When you talk to Mark Mawhinney, one thing quickly becomes clear: He cares about sound. The Pittsburgh-based businessman is an audiophile, and all his endeavors support that concern. He operates a high-end home audio company (Northern Audio) and the only record store in the US that carries the entire Mobile Fidelity catalog (Music To My Ear). So when Mark discusses his other business, manufacturing the Spin-Clean Record Washer, you know it’s about more than hawking plastic boxes.
In fact, his love affair with the Spin-clean is nearly lifelong. “I started working at my father’s record store at around 8 or 10,” Mark reminisced during a recent call. That’s where he first encountered the vinyl washing machine. Around that time, the mid-’70s, it was owned by a company called Fidelitone and named Spin ‘N Clean.
His father, Paul Mawhinney — who owned the venerated Record-Rama and eventually amassed a collection of around 3,000,000 records — kept one at the front counter to freshen up used vinyl. When the washer was in use, customers watched in awe. “They’d see you cleaning the records and say, ‘What’s that?!’” Mark said. “You’d show them how it works, and they bought it.”
According to Mark though, Fidelitone’s plan was to “throw it in big piles” in chain stores without advertisement, instruction, or demonstration. That didn’t work. In 1975, the company decided to discontinue the product. Paul wasn’t pleased. “My dad called and said, ‘We sell tons of these things. You can’t do that,” Mark remembered. The elder Mawhinney then made an offer to buy Spin-Clean outright. Paul got the remaining stock, changed the name, and began manufacturing the product anew.
For the next three decades, the family would hand assemble each record washer and sell around 1,000 a year. It was a successful, but modest business. That all changed in 2009, when Paul decided to retire. Mark asked to take over the product. “I loved Spin-Clean,” he said. “And I knew I could do something with it. At this point, no one really knew what Spin-Clean was. We’d been around 30 years, but nobody really had a clue.”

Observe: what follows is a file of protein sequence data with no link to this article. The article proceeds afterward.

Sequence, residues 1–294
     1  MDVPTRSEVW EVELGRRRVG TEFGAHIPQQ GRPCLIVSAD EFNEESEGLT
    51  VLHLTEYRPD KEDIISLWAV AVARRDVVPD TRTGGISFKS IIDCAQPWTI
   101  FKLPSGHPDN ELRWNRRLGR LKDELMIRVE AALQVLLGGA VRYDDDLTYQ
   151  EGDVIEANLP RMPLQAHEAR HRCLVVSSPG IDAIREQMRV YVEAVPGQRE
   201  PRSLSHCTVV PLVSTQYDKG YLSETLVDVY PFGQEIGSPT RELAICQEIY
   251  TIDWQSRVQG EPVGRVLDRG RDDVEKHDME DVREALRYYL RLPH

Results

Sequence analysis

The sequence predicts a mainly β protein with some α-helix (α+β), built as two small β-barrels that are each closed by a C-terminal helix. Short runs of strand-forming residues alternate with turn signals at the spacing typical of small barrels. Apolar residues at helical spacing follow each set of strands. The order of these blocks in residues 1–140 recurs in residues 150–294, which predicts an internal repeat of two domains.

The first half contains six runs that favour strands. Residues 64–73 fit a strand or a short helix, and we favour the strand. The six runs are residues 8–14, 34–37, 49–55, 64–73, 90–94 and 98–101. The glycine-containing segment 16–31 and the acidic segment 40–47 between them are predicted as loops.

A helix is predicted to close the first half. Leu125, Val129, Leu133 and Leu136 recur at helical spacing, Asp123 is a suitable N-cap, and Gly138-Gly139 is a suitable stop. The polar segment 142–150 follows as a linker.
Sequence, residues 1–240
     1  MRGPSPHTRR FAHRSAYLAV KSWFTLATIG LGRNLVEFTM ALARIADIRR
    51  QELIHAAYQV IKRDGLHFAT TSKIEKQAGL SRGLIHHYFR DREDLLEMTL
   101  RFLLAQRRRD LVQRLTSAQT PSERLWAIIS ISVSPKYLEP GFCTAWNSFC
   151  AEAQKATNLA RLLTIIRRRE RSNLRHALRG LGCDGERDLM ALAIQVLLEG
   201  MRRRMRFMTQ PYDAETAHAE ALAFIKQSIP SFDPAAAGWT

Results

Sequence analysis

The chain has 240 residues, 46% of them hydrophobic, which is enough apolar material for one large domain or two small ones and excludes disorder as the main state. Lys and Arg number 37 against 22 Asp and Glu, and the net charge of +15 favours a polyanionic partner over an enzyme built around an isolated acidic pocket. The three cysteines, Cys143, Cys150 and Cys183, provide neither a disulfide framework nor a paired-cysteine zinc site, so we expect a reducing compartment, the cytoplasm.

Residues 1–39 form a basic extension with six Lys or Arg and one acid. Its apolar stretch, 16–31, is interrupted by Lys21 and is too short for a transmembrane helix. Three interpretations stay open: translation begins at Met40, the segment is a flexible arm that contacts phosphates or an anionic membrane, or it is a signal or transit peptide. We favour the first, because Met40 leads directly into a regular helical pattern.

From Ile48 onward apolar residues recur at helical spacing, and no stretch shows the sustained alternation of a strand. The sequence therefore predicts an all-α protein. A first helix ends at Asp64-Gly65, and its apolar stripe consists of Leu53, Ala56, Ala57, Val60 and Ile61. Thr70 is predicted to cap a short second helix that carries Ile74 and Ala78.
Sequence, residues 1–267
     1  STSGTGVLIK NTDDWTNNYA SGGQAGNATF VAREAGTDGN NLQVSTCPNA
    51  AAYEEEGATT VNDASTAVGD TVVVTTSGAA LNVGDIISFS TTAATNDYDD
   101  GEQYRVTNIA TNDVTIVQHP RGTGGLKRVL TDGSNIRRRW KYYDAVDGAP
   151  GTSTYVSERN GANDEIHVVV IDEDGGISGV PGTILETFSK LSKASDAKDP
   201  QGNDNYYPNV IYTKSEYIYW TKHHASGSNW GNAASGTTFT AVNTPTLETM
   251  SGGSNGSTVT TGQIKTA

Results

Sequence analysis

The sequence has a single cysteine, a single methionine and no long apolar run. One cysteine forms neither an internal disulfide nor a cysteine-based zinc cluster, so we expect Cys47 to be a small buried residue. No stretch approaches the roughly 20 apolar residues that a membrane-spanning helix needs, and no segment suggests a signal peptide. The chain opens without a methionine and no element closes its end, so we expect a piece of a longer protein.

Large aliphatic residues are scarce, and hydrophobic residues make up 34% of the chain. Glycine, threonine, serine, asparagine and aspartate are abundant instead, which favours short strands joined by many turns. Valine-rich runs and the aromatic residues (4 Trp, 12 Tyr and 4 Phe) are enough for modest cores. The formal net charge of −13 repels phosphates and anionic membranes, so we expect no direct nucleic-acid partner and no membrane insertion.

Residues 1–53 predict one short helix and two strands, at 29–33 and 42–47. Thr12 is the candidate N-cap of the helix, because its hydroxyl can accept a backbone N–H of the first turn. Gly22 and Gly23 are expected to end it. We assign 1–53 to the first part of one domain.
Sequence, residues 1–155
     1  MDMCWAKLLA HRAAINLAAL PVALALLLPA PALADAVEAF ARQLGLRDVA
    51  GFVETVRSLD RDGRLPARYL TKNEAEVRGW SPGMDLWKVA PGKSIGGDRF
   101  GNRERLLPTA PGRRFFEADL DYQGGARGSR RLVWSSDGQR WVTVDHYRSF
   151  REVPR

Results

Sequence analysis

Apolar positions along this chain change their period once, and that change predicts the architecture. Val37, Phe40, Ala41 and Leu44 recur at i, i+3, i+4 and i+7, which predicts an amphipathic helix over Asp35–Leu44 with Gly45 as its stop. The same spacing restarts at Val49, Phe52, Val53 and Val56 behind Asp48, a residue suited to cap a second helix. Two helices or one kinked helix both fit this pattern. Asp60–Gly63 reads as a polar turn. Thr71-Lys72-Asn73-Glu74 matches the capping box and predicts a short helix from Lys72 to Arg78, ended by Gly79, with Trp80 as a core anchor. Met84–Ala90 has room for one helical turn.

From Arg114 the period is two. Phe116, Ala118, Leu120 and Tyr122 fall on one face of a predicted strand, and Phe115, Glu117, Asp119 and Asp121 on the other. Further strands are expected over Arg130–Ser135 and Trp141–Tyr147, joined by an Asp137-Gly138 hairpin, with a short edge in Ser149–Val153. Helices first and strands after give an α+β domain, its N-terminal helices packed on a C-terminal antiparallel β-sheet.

He certainly did something with it. “I’d been in the audio business for many years at the time,” Mark recounted. “And I had a good friend named Chad Kassem who runs a company called Acoustic Sounds. I called him up, said I was going to send him something, and asked him to let me know what he thought.” For the unengaged, Kassem is something of a mythical figure in the audiophile world thanks to his outsize personality and revered vinyl businesses (the Acoustic Sounds store, Analogue Productions label, and Quality Record Pressings plant).
He got an enthusiastic call from Kassem, who loved the Spin-Clean. Mark was invited to bring 50 boxes to the Rocky Mountain Audio Fest to hang out at the Acoustic Sounds booth. It turned out that they massively underestimated the demand. “We sold 50 units in less than a couple of hours,” Mark laughed.
In the furor, journalists expressed interest in the product, including respected reviewer Michael Fremer of Stereophile Magazine. After Fremer reviewed it, Mark bragged, “every other reviewer in the history of the business reviewed it in every magazine there was.”
Spin-Clean subsequently won awards from Stereophile and The Absolute Sound that year. “We went from basically nothing to 180 overnight,” Mark said. For an $80 record washer with fewer bells and whistles than its high-end motorized competitors, “that was huge!”
Demand immediately outstripped Mark and his family’s ability to hand assemble units as they had in the past. “We just couldn’t do it,” he said. “We couldn’t keep up with it, and there was no more space in the hallway for the boxes to sit.”
From there, they found a state-of-the-art manufacturer, gained worldwide distribution, and jumped from an unassuming 1,000 units a year to around 35,000. Almost 10 years later, the success still shocks Mark Mawhinney. “Spin-Clean has been part of my life since I can remember, but I just could not imagine it would end up like this!”